The bank did not respond right away. Gillman said, “The process took a little longer than average, from offer to close about 3 months; of course it was a credit union and they were losing a lot.” When another bidder entered the picture, Gillman and Drews agreed to pay $55,000.

Preparing a Property for Guests

In May 2013, with ice still on the lake behind it, they started to prepare the hotel for a summer opening.

Pipes had frozen and burst, and there were broken toilets, windows, doors, sinks and gutters. It took Gillman and Drews more than four weeks of work to get the first room ready to rent, though several friends pitched in to help them with the labor.

Thinking that doesn’t sound so bad? Gillman was quite frank about the 16-hour days he spent fixing up the hotel, sometimes crawling through icy water.

“One day, I spent 13 hours under the house alone in the crawl space rebuilding the sump pit and de-molding and pulling out pipes, gloves, old filters; all sorts of things they left behind from previous repairs,” he said.

The work — and the expenses — continued after the place opened. They fixed the hotel sign, bought new televisions and blankets for the rooms and removed debris from around the property. They also bought sheets, towels and pillowcases, which Gillman says was a mistake:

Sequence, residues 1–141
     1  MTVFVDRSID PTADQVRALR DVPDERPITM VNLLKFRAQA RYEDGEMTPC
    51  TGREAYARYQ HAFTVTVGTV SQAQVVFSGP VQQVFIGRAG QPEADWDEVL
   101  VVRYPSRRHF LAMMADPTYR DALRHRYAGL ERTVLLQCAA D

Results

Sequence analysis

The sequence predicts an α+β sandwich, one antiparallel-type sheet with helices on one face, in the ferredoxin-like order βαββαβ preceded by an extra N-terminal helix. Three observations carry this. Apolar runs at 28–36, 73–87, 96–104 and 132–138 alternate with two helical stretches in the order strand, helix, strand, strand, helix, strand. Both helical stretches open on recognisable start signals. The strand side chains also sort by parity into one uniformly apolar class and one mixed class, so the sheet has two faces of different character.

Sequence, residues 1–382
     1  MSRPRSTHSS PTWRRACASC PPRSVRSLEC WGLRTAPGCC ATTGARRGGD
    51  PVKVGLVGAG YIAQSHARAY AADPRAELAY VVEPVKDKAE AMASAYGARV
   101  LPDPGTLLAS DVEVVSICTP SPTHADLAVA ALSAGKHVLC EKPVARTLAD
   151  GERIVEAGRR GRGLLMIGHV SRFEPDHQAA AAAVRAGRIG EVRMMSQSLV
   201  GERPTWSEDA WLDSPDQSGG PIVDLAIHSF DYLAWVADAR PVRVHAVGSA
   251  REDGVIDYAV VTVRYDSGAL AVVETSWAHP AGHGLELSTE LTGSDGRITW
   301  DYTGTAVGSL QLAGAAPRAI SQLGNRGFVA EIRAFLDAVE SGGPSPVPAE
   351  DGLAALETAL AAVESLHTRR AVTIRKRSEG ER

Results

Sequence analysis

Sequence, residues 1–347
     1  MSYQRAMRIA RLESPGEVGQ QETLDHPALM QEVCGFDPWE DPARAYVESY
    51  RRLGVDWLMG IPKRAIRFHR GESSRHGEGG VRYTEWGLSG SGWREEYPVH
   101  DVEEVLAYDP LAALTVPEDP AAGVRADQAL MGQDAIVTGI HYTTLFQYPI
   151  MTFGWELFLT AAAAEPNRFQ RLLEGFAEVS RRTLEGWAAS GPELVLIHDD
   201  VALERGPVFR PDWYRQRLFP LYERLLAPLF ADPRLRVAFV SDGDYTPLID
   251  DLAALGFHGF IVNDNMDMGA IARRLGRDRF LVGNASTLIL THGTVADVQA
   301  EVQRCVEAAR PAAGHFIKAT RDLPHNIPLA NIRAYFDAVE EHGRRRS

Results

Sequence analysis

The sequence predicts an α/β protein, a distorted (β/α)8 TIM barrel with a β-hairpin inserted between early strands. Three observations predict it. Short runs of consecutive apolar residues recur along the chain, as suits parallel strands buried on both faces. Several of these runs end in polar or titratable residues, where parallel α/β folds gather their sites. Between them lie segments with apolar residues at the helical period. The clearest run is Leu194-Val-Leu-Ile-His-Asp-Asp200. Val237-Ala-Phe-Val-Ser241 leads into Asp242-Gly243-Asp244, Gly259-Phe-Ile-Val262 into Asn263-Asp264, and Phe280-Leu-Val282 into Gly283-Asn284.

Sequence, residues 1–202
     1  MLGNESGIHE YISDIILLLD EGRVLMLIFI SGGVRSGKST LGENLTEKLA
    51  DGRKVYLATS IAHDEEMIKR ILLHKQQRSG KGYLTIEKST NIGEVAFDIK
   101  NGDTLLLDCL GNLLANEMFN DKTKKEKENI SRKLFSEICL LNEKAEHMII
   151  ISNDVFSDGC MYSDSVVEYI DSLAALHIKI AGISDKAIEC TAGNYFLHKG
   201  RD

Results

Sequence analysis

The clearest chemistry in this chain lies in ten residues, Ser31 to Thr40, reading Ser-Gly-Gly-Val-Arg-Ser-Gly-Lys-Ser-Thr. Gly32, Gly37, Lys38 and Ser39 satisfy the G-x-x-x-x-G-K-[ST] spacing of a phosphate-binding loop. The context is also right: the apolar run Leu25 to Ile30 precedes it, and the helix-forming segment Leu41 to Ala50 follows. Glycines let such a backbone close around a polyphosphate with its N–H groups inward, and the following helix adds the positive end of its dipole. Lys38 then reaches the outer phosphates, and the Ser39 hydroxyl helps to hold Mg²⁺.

I sometimes do laundry for two days straight after a busy weekend, so I highly recommend hiring a linen service, which I’ll do next season. For a small place like this it’s only about $50 per week to have them drop off all the clean sheets and towels you need and take away the dirty ones — it will save me so much time.

What did all of this cost? Gillman figures they spent about $30,000 getting the hotel ready for their first season, plus another $12,000 to finish renovations and repairs the second season. However, he says the cost could have been much higher. He did a lot of the work himself to save money, and several friends came to visit and assist in repairs.

How Do You Market a Small Hotel?

A late start and ongoing renovation projects made for a rough first summer in 2013, but Gillman says they did well during their 2014 season, from mid-May to mid-October. They’ve spent less than $100 on advertising so far, and they still filled the rooms during most of their 2014 season.

Here’s what Gillman and Drews use as a marketing plan. It’s simple, but has been effective for them so far:

  • A lit sign
  • A functional website with good photos
  • Social media
  • Locatable with a GPS